I gave the program a look that fits well with the new styles in use by lots of programs like the CS6 suite and 3dS Max. On the top you can browse and save the project file. The project file includes all the mappings and selections for the current assignment, and also remembers which device is being used. There is an output section that is used to select the header file that will contain the board mappings. Device families are stored in directories, and variants are selected from a drop down combo box.




Writing a module is very straightforward. For the sake of example, I’ll assume we will be using the program to map digital input buttons on an MSP430F5438. Taking a peek into the MSP430F543X Family User Guide, we have the following table describing the Digital I/O registers for port 1 on page 317.




If we want BUTTONA in P1.0 the line of code that we want in our board.h file looks like this:


#define BUTTONA_PIN      BIT0.

Modules have several keywords (identified by being wrapped around curly brackets) that are replaced by the built in parser to signify some relevant part of the design.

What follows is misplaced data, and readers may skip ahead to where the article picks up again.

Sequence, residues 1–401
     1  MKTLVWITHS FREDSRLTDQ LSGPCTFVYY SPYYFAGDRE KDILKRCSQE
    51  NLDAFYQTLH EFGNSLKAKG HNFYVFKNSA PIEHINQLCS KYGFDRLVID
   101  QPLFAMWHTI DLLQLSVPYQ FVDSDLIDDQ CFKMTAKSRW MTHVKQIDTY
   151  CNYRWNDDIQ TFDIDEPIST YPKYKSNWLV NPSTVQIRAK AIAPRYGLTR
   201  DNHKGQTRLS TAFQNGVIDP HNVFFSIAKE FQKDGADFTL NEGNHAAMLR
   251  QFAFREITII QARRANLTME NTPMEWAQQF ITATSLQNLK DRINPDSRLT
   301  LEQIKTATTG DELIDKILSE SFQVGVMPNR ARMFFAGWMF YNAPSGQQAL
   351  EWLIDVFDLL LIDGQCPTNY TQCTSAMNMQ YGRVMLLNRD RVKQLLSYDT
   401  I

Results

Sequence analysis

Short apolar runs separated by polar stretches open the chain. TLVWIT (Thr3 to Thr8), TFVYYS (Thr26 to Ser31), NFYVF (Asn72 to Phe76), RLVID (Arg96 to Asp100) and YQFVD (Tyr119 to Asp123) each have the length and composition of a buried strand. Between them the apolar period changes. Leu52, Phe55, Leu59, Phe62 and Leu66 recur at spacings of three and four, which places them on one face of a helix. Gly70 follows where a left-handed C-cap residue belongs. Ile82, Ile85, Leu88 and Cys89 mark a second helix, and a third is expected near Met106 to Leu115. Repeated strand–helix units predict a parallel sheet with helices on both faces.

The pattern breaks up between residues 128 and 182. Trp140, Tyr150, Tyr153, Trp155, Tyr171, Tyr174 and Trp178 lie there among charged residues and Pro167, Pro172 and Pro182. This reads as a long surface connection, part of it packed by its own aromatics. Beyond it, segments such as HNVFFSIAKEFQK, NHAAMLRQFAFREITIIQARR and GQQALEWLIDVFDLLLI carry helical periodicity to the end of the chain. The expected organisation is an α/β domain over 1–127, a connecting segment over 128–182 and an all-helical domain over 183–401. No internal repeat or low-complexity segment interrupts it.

• {NAME} : This keyword is replaced by the name of the user map.
  • {P0}, {P1}, {P2}, …, {PX}: This keyworkd is replaced by the number or letter of the port of the resource.
  • {N0}, {N1}, {N2}, …, {NX}: This keyworkd is replaced by the bit number or sub part of the resource.

The module requires several parts, a name, a base definition, options list name, options definitions and default pins.

Thus, the DIGITAL_INPUT module is written as follows:



Base definition:



Options list:


Options definitions:


Default pins



Once a module is added, it can be used by as many times as necessary by applicable pins or instances of the module exist in the microcontroller.


Adding a resource is simple. Enter the desired name and select the correct module from the available list. Put in the pin where that resource lives and you are done. Note that the {N0} and {P0} keywords will take the values of 1 and 0 respectively from the module name automatically. Internally, all the modules and resources are stored in an XML file that contains all the necessary information for a microcontroller. I chose XML to allow easy modification by popular tools, and since C# has built in tools to handle this data type.